That's funny about the Eagles and so true.    The power is in the name.   I think you and I could go out as the Coasters these days Jim and it seems Henley feels the same way about the Eagles.        

Covers are a difficult thing.   If it is too close the orginal - what's the point? - but if it is too out there some people will feel betrayed.   I'd personally rather hear an artist try something new.   Sort of like how Dylan always covers himself in concert.      

I think one that straddles both lines and does it real well is Patti Smith's version of Gloria.   Who can deny she made that her own?   

To me, Tom Russell is as good as any songwriter we have today.  So it was a surprise when I realized Joe Ely had not written Gallo de Cielo and Tom had.  It sounded like something Joe would write, it fit in so well on Letter To Laredo, that Joe could make one of Tom's great songs his own was remarkable to me.  Who out-Tom's Tom? Same deal with The Road Goes On Forever, one would assume Joe had written it and not Robert Earl Keen. Dave Alvin plays Blue Wing in concert and has introduced it saying he's surprised that people mistakenly think he wrote it.  I've heard Tom Russell, who did write Blue Wing, introduce the song in concert saying people of told him they thought Dave Alvin had written it.  I guess a cover in the right hands can be magic, and in the wrong hands not so much.

Cover songs in the Wrong hands...Mel Tormé doing “Sunshine Superman”... Dennis, that’s a real thing...Shatner does the Beatles...

Golden Throats? I guess TV stars felt they had an “entitlement” to record these covers but it sure wasn’t “evidence-based”.  The “diversity” of these “vulnerable” actors isn’t that diverse - neither “transgender” artists, nor a “fetus” to be seen or heard.  Their ability is clearly ego driven rather than “science based” and it would have been a whole lot easier to write a comment describing these abominations using George Carlin’s seven words rather than those in Trump’s gag order of the CDC.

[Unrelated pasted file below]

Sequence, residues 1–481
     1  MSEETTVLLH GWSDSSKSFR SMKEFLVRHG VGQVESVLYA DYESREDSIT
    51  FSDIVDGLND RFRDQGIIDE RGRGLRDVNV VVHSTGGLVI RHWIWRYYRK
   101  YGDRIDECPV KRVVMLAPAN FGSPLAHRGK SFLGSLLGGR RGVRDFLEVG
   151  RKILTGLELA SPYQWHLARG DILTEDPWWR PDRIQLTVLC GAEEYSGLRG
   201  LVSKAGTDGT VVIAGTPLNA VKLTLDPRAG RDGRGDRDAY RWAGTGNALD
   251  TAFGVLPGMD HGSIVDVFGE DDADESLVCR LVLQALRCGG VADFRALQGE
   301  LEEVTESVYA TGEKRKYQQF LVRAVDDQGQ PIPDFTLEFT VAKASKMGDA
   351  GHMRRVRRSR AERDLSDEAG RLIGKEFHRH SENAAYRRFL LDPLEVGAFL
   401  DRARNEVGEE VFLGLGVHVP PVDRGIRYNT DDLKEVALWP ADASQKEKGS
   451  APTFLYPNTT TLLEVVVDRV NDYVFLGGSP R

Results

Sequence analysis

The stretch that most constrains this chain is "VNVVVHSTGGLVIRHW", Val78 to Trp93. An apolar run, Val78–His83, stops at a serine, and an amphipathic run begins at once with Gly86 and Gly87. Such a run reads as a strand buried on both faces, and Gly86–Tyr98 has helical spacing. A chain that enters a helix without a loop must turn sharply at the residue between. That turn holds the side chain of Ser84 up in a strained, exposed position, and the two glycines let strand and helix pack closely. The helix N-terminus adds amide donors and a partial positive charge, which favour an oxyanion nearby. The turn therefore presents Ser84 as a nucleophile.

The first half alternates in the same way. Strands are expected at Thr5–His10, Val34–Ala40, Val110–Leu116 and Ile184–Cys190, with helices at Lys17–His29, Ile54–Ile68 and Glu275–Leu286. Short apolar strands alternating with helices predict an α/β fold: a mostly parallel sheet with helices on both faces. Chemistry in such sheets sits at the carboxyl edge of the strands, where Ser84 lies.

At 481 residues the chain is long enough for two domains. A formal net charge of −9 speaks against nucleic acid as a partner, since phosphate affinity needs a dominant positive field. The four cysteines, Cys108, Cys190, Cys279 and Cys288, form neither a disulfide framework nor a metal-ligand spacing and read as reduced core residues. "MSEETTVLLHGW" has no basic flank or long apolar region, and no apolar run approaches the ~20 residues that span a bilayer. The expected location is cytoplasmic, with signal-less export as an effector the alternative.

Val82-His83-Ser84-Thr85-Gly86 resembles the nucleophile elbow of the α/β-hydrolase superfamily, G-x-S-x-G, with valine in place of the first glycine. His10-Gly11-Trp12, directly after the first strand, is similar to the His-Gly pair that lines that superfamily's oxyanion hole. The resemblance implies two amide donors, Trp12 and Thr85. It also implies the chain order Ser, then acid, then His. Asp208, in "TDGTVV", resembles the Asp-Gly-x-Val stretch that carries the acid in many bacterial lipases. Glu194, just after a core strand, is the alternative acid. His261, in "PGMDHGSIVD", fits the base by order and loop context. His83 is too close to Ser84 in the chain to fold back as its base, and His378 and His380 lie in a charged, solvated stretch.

Yes, George would no doubt have a field day with such a gag order...and entire new comedy skit...

As for the actors involved in such abominations, I believe someone likely convinced them it was a good idea...nevertheless, to have gone along may have suggested "entitlement"...

Could a "fetus" earn and receive royalty payments?  Are they of the same legal status as a recording artist, "transgender" or otherwise...would such a ruling be "evidence-based" or "science-based"...

 

Interesting question. I guess the ruling on royalty payments and  an unborn or unhatched offspring in the process of development is something SCROTUS (sick) may have to rule on!